Here we were, thinking that carbon capture and storage was a knotty problem that might never be solved. But, as the BBC reports, a team of scientists has found that it might not be as hard as everyone’s been saying to capture carbon dioxide waste. How did they discover the secret? They just took a hint from sea urchins.
Like other ocean creatures, sea urchins turn carbon dioxide into shells made of calcium carbonate. The sea urchins, the scientists found, use nickel to catalyze this process. And as it turns out, it’s pretty easy for humans to trap carbon dioxide this way, too:
“It is a simple system,” Dr Lidija Siller from Newcastle University told BBC News. “You bubble CO2 through the water in which you have nickel nanoparticles and you are trapping much more carbon than you would normally – and then you can easily turn it into calcium carbonate.”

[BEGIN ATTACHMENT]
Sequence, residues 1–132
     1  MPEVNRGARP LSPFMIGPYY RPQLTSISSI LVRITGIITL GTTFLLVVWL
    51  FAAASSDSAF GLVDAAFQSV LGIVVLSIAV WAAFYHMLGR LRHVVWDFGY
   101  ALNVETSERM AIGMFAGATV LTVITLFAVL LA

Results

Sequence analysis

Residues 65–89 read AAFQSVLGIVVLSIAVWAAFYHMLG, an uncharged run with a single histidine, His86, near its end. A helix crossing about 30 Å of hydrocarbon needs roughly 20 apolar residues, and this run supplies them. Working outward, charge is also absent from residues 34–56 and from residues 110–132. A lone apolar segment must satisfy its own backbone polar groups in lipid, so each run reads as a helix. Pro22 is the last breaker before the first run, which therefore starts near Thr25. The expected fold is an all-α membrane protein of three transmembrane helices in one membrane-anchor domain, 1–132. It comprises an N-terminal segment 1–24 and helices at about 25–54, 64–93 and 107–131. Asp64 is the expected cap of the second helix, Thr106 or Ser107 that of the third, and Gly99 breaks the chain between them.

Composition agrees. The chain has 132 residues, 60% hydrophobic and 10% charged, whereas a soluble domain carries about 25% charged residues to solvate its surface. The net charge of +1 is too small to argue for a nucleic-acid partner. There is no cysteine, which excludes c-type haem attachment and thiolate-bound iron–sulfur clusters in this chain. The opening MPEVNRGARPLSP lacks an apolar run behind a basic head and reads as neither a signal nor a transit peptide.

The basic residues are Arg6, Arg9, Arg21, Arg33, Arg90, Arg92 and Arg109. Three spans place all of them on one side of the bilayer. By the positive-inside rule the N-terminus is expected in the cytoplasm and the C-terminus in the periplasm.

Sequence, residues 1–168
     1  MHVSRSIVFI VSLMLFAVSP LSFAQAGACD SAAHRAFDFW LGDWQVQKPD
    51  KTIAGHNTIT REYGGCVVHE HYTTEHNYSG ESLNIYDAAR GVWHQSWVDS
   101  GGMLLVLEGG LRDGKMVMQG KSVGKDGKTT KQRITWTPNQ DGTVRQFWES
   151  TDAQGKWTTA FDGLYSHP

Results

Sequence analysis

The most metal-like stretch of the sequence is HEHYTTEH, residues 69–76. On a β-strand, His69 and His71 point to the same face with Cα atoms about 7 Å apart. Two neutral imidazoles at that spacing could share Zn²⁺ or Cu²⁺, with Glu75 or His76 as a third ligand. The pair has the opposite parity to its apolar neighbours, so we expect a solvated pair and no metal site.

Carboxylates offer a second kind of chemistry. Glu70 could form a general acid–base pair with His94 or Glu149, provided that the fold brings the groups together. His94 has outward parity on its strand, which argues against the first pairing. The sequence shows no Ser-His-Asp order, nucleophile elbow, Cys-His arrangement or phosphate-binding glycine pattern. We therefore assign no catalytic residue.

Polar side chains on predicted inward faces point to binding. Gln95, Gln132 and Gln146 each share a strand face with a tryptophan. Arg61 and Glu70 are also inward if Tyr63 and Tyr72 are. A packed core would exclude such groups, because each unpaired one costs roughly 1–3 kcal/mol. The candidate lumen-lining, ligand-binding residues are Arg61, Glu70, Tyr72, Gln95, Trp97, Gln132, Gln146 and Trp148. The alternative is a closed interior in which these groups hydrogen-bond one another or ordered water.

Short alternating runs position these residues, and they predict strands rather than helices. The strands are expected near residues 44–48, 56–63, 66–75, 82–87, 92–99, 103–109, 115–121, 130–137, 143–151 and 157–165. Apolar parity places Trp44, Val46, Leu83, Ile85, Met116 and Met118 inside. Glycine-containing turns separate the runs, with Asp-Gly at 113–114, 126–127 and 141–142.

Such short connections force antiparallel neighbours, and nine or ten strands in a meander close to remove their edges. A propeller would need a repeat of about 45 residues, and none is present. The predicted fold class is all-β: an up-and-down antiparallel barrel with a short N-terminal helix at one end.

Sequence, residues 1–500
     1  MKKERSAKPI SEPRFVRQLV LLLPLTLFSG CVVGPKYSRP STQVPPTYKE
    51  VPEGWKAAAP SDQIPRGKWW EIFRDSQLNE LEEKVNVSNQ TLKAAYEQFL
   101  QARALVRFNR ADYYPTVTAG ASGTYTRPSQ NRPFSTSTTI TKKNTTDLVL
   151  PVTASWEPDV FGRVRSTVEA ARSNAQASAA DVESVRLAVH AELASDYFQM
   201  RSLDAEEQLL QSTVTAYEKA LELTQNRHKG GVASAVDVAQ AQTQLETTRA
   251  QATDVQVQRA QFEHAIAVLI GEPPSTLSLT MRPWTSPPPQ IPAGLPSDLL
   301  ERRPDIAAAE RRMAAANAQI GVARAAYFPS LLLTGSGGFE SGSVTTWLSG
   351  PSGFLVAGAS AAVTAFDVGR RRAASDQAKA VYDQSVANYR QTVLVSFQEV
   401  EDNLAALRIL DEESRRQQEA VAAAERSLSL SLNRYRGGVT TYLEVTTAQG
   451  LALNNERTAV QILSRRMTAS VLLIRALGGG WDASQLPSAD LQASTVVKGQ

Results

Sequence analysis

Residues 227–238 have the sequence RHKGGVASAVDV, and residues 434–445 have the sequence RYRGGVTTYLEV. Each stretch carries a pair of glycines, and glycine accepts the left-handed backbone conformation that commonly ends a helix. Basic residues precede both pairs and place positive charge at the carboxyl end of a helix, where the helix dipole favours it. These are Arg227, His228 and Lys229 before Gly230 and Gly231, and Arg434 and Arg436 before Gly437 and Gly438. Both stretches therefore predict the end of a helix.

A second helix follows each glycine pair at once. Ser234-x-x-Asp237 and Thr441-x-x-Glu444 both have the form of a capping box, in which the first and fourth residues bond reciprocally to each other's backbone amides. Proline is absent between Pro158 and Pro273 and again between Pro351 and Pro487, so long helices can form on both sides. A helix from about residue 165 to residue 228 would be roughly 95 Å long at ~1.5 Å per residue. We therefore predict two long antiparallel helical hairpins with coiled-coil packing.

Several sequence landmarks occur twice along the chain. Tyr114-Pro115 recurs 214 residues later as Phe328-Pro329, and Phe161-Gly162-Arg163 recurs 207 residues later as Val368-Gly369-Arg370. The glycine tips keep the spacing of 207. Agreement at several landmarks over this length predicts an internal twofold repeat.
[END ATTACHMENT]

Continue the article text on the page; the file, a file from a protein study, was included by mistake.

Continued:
Boom — carbon emissions, suddenly not a problem! (Or less of a problem.) And if we’re as clever as sea urchins are, perhaps we can figure out a way to gather that calcium carbonate into shapes pretty enough to be turned into jewelry and sold in our Etsy shop.
Sea urchin nickel 'trick' could be key to capturing carbon, BBC News.
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